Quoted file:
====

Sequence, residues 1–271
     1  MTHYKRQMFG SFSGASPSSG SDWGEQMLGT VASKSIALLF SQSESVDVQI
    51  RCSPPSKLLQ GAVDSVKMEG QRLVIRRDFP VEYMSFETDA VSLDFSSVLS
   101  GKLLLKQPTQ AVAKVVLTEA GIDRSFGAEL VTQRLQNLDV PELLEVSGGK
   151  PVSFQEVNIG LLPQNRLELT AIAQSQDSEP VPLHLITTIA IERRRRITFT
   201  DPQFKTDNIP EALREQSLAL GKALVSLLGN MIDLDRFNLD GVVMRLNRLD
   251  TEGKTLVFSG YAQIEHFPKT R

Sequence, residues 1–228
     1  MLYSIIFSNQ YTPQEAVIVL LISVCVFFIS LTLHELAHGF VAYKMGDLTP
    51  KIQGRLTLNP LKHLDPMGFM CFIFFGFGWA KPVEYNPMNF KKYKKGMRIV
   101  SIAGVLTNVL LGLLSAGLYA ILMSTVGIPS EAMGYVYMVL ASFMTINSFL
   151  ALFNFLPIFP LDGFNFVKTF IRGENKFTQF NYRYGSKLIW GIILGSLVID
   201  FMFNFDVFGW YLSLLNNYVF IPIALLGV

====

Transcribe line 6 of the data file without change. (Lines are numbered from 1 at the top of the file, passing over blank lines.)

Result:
   201  DPQFKTDNIP EALREQSLAL GKALVSLLGN MIDLDRFNLD GVVMRLNRLD